My biggest surprise in the research, however, was discovering the real Hussein Onn. I spent many weeks in the library of the New Straits Times going through every single newspaper clipping on Hussein. What clearly emerged was a leader with a strength of character, a steely sense of honour and integrity on what is right and wrong, fair and unfair.

Somehow all the values he stood for, seen from his biting criticism on the ills that beset Malaysian politics – be it corruption, abuse of power, political opportunism, character assassination, were overlooked.

The journalists of those days headlined their stories with the boring news that the prime minister today opened this or that event, while his strong words of reprimand and chastisements, which should have made headlines, were buried in the final paragraphs in nine-point print, as if they were of no significance.

Here was a man who spoke his mind, who called a spade a spade, who scolded and cajoled Umno members, his backbenchers in Parliament and the civil servants, willing them to serve with honour; and yet the warnings he gave as early as 1974 on the evils of corruption and abuse of power never made the headlines, nor capture the public imagination.

Hussein was a man who believed that without integrity and honesty, a political leader is nothing but an opportunist. But in a world that admired style over substantance, and toughness over consultation, a political leadership grounded in morality was dismissed as weak, and shunted aside.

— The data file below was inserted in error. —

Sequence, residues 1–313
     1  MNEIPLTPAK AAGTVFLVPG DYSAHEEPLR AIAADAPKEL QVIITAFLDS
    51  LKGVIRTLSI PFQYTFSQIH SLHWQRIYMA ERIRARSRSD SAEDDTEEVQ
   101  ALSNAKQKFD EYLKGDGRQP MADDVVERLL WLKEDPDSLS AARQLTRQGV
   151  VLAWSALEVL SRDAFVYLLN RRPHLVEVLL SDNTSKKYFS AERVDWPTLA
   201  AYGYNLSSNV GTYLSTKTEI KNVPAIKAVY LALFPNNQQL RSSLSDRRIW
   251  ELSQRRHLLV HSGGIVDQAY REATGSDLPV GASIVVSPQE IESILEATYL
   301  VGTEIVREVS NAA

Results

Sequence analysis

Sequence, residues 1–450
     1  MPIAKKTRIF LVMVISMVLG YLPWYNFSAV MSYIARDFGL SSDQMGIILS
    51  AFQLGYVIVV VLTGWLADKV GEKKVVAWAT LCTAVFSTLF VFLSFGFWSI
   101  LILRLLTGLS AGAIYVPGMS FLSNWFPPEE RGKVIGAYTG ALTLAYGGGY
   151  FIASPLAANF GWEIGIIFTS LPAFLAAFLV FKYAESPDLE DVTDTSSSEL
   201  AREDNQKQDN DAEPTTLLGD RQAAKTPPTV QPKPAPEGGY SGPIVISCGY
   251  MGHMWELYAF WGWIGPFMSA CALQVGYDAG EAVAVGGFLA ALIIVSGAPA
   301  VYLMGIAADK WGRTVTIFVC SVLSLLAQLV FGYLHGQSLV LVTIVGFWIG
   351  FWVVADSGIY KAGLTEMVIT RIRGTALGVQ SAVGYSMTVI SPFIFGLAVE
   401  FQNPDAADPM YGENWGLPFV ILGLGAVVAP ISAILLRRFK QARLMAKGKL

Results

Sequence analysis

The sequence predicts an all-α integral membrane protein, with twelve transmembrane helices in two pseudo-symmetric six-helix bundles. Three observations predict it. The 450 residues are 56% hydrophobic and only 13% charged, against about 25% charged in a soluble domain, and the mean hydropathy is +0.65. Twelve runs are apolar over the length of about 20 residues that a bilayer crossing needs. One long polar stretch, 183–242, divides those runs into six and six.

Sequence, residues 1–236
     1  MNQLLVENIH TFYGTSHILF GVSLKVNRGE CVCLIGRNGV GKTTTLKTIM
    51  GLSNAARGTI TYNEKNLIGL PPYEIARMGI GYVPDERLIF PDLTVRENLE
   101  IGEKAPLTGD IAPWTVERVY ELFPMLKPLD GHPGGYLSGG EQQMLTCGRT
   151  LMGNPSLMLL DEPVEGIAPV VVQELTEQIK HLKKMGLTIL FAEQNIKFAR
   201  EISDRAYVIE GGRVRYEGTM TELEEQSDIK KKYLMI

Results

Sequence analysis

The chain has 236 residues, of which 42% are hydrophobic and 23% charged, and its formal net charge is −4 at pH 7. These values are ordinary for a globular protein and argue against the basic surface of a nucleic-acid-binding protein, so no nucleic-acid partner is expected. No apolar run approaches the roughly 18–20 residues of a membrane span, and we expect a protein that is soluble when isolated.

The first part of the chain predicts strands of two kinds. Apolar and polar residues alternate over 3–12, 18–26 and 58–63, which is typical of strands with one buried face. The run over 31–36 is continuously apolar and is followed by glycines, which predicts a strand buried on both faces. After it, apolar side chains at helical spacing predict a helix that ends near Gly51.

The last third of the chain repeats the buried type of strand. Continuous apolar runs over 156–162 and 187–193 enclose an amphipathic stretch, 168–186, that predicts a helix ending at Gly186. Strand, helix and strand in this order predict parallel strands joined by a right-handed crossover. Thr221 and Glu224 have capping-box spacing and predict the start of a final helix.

We all owe a gratitude to the Noah Foundation for redressing this injustice done. I am honoured by this opportunity to show to the public that in Hussein was a rare man, and an even rarer politician.

Temptations and enticements surround men in power, but few have the moral fibre and strength to resist them. Hussein was a singular man, who lived by his principles, in public and in private; and in the end, he found modern day politics too distasteful for him to bear.

I do hope this book will be translated into Bahasa Malaysia to reach a wider audience, in particular the Umno members – for them to know and to remember a lost world where politics was not about the pursuit of personal power and advantage, but one of dutiful and honourable service.

ZAINAH ANWAR is the former executive director of Sisters in Islam (SIS), and is currently a member of the SIS board of directors. She is also a former member of the Human Rights Commission of Malaysia.

  1. #1 by richiee on Sunday, 22 May 2011 - 7:57 am

    Hussein onn was a man with integrity n honour. Unfortunately his legacy is being destroyed by his son, hishammuddin.

  2. #2 by richiee on Sunday, 22 May 2011 - 8:00 am

    Hussein onn was a man of integrity and honor. Unfortunately his legacy is being destroyed by his son, hishammuddin.

  3. #3 by boh-liao on Monday, 23 May 2011 - 1:15 am

    Don’t waste time lah, dis book will not b appreciated by UmnoB members, cos Hisap d progeny does not believe in what his old man n grandpapa did; he loves MMK n NR/RM

  4. #4 by kxyeo90 on Monday, 23 May 2011 - 10:14 am

    A very well written speech. I have always thought that Dato’ Onn Jaafar was a visionary. But I had no idea his son had the same ideals as his. I look forward to purchasing a copy of this book when I can =)